How to Repair a Leaky Roof
Finding a leak and fixing it.
The hardest part of fixing a leaky roof might be finding the leak. The first sign is often a ceiling stain. To minimize ceiling damage, let standing water out by poking a few holes through the stained area. Catch the water in a pot.
Since water can travel some distance before it reaches the ceiling, the leak may be anywhere between the stain and the roof's ridge line. Check the flashings first. If the roof rafters in the attic are visible, use a flashlight to look for the leak in a rain storm or when a helper soaks the roof with a hose.
When you find moisture on a rafter trace it to it's source. On a bright day, you may even see sunlight through a hole. When you find the hole, poke a nail through so you may locate it on the outside.
If the rafters on your house are inaccessible from the inside, examine the roof itself. Look for cracks, worn areas, rust spots in the flashings, and broken or missing shingles. (Such inspections, carried out periodically, can prevent future leaks; if asphalt shingles show signs of drying and stiffening, cover them with an alcohol-based roof coating.)
Caution: Never work on a roof in wet or windy weather. Wear soft-soled shoes. Make sure the ladder is secure; on a steep roof, use a braced ladder. Plug holes and cracks in tile and slate roofs with plastic roof cement. If a tile or slate shingle requires replacement, call a professional contractor.
Replace an asphalt shingle on a warm day, when the asphalt is flexible. Gently lift the shingle above and pry out the nails that hold the bad one in place. Remove it and slip in a replacement; secure it with roofing nails.
When replacing an asphalt eave shingle, look at the inverted shingle beneath it; it may also be damaged. Before replacing a ridge or hip shingle, examine adjacent shingles for the nailing pattern; then use the bad shingle as a pattern for cutting and securing the replacement. Cut the shingle on the back, or smooth side, then bend and break it.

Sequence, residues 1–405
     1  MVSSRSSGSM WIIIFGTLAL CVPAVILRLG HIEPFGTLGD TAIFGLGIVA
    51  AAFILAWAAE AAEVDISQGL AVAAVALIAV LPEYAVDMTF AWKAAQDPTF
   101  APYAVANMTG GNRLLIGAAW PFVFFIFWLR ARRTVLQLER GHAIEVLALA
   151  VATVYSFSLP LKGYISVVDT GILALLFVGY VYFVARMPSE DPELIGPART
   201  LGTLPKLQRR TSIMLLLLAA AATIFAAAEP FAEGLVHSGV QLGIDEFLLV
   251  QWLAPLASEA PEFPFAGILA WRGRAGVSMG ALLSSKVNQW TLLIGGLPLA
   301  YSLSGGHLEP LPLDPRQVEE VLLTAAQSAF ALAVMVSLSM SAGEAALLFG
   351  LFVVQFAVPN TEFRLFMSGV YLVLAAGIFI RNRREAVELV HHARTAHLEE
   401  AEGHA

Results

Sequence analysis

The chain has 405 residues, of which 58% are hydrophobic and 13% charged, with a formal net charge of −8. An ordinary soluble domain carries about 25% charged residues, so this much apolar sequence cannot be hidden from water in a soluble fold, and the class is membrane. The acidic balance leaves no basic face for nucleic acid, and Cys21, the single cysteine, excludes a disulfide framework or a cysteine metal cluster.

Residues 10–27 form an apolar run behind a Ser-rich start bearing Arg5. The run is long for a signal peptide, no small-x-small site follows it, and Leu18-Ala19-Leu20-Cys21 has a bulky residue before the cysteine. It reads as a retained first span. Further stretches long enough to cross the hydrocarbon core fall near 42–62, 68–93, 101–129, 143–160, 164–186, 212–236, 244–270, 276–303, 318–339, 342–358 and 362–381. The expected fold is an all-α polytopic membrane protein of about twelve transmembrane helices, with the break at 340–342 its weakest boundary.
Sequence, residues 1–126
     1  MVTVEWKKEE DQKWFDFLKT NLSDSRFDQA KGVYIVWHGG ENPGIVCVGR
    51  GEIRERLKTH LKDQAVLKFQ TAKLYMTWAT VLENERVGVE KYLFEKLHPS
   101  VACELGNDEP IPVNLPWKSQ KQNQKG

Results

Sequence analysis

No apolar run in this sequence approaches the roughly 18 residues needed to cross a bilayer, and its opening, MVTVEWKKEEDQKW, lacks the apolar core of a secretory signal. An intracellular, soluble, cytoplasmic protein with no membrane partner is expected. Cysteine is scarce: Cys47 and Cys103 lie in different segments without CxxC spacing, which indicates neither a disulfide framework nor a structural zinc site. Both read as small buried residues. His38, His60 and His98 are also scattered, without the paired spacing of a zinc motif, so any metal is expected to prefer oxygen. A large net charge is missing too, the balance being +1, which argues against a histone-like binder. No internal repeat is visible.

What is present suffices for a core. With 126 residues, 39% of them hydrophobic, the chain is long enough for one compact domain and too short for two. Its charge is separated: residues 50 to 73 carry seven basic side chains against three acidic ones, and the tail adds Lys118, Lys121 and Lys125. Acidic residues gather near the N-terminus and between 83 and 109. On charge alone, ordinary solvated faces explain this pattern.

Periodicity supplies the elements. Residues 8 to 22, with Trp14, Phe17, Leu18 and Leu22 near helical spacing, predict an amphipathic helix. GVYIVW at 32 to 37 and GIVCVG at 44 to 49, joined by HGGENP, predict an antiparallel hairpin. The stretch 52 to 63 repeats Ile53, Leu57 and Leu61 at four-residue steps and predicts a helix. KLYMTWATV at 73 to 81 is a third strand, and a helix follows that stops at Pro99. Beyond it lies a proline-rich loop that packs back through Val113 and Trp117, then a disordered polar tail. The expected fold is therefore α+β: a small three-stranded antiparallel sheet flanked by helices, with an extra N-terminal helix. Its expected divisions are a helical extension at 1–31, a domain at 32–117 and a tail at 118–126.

If a wood shingle is badly worn or split, use a hammer or small axe to demolish it in place. Pull out the pieces, then slip a hacksaw blade under the shingle above, and sever the nails as close to the surface as you can. Cut a new shingle to fit in the gap; then tap it in place until its edge is aligned with adjacent shingles. Drive a nail in the center of it and dab the nail head with roofing cement.
If a bubble or blister forms on a flat roof, slit it with a utility knife—take care not to cut through the layer beneath—and use a putty knife to force roofing cement under both sides of the slit. Nail down both sides with roofing nails and cover with more cement. Then apply a shingle or tar-paper patch, nail it down, and cover with cement. For a large damaged area, cut away all tattered or worn material and apply roofing cement to the bare area, overlapping 2 inches all around. Then patch as above.
If a flat roof curls at the edges, brush debris out from under the curl and force roofing cement under it. Nail it down with roofing nails and apply more cement over the nail heads and at the edge.